Makani recommended I try playing in front of Matsumoto’s General Store or Aoki Shave Ice. The North Shore is famous for it’s shave ice, so busloads of Japanese (and non Japanese, too) tourists gather in unending out the door lines in front of both shops, especially Matsumoto’s. I inquired inside, and the spare English of a worker denied me permission, so after wandering to a couple other places and being denied I ducked into a church where I heard classic rock being played. I sat in a pew and listened a while – at this church, apparently, they leave the P.A. and sound system out for anyone to use, so people constantly drift in and out to play together or prepare for gigs. How wonderful! I was taken aback on hearing the guitarist’s name – Terrence – and when we met each other a few songs later he happily noted the good luck that must be emanating from such a rare occurrence – two Terrences under one roof. When his guitar’s receiver broke they asked me to play a few songs, which I did and they enjoyed.
I’d ducked in mostly to get out of the passing shower, and now that it’d quit I walked back to Makani’s shop. We chatted a bit and a few moments later her husband David – he just as friendly as his wife; a perfect complement – arrived with three of their four children: Mantain, Kala, and Lotus. I’d already been enjoined to sing a few songs. Customers started coming thick and fast – as we’d spoken there was but one in the beginning – people smiled, chatted happily, listened in line… My throat felt off because of the vog, no doubt, so I played but briefly, and Makani gave Kala a couple dollars to give me “So that when they see a street musician they know what to do!” I’d told her I wanted to head to the library and she offered a ride via David, which I accepted.
But they were so busy with the sudden influx of customers (which I flatter myself as having a hand in) that it was a couple of hours before we left. I didn’t mind at all. I watched the kids while they ran the shop – Mantain with his piercing Hawai’i sea under palpable rays of sunlight five minutes before sunset blue eyes and chubby face, Lotus shy and quiet with a tendency to erupt into tantrums over tiny things, Kala slim and tall and astonishingly mature being used to looking after her siblings. Kala finished her schoolwork while I played with Mantain, then we played hide and seek, and freeze tag. I, of course, was the permanent “it” for the latter game, and my role in the first was mostly to keep them from wandering too far away from the shop. Delightful fun. Basically I got to play with delightful delightful children in the warm Hawai’ian sun – warm but not hot – what could be better? One of the customer’s two kids joined us for the game of tag – everywhere was apparently base so that they just jumped on the sidewalk and back into base and I made to tag them during that split second of vulnerability. Simple, but so simply fun. Just before we left Makani took us all to the next door ice cream shop. In such a small, friendly town they of course knew the couple who ran that shop and procured the ice cream free. Mine was a pretzel icecream, with pretzel sticks slightly soggy within the icecream and surprisingly delicious.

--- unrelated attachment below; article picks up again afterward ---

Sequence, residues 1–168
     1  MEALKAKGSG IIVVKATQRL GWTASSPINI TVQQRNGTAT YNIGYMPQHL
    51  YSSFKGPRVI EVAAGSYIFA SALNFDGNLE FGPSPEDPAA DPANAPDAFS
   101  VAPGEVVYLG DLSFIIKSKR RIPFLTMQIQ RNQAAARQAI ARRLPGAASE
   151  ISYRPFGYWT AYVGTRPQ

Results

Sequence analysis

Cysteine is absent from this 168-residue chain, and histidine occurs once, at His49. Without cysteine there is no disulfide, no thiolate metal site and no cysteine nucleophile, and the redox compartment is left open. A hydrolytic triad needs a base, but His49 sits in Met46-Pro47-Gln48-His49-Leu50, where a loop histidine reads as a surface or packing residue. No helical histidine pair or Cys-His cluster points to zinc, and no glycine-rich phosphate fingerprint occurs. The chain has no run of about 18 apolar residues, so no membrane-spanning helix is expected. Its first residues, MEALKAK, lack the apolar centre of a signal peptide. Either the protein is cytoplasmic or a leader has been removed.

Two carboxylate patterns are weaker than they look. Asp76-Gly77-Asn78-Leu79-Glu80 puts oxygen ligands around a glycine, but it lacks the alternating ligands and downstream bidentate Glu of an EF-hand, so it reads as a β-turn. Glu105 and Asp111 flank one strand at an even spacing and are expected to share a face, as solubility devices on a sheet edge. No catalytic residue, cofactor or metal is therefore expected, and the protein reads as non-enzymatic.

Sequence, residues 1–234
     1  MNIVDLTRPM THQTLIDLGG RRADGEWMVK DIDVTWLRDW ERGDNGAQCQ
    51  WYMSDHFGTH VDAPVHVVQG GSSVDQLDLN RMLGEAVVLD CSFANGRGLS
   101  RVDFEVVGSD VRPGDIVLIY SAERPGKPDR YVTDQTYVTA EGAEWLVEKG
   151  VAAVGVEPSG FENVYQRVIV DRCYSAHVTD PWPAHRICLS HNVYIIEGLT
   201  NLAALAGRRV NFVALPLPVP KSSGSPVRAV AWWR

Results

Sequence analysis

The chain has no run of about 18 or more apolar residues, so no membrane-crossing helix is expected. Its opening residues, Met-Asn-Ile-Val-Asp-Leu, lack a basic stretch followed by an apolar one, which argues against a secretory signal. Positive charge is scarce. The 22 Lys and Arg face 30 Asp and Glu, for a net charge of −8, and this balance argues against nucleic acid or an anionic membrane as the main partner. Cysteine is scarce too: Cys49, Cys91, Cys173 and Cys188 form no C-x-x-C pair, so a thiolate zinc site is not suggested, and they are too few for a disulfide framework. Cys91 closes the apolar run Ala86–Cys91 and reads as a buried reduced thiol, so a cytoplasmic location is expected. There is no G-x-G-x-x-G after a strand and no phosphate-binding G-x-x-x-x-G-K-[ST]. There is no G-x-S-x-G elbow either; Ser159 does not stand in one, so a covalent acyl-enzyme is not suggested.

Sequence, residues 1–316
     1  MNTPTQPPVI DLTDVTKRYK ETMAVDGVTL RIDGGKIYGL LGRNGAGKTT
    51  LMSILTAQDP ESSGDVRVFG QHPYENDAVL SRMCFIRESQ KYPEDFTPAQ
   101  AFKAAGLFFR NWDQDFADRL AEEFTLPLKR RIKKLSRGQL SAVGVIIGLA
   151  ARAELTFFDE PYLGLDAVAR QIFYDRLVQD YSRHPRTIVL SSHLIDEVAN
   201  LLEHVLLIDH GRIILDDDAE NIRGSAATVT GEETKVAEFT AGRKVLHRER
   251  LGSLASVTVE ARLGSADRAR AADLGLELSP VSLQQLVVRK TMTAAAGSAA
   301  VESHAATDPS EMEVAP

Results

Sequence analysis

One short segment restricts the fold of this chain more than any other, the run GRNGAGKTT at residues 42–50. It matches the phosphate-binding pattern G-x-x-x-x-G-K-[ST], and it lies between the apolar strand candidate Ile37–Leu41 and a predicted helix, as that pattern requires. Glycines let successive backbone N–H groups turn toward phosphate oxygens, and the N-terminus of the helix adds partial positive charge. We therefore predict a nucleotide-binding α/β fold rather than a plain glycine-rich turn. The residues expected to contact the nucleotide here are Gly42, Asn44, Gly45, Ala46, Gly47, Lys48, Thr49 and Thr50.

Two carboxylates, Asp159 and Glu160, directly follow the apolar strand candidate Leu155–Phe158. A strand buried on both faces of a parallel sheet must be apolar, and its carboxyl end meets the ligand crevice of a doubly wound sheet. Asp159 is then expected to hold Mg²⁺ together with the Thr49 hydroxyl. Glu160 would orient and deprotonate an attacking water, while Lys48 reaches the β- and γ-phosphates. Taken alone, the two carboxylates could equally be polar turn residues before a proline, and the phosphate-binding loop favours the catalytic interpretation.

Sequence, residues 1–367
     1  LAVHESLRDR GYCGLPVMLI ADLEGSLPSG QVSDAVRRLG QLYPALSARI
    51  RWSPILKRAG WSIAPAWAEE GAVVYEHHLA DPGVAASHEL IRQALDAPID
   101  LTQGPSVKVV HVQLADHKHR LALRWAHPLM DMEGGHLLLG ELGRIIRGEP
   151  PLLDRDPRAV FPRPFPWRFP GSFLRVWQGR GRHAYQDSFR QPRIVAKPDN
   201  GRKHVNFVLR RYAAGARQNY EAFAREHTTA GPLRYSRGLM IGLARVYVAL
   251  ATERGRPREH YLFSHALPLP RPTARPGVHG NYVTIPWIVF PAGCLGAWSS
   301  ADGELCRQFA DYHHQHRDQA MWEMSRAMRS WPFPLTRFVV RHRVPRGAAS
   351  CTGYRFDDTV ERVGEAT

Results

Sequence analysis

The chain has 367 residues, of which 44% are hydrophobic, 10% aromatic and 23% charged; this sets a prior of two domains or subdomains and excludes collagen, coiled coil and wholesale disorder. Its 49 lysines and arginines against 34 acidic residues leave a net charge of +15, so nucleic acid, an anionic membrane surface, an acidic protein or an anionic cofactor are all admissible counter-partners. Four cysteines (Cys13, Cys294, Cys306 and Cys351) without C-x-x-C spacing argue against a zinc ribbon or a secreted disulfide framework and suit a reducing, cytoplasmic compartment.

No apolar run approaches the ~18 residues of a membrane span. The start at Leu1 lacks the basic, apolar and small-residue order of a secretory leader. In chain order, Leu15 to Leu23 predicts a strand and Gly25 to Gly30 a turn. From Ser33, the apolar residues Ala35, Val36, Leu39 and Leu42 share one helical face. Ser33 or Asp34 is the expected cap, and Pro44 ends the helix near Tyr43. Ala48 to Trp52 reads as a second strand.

Kala felt very sad to see me go and promised to write a poem for me to write a song to on parting at the library. I checked out a couple of books and then got a touch lost on the walk back to Tom’s house – which afforded me incredible views of the unreal layered mountains behind the gray mist of near but far rain.
Earnings: $2.00, 30 minutes
Song of the Day: A Thousand Post-Its – Terrence Ho
One thought on “Hallelujah, Hale’iwa, Day 2”
Beautifully recorded. You have captured the essence of Hawaii. I lived a little the life of Hawaii as you portrayed it. 🙂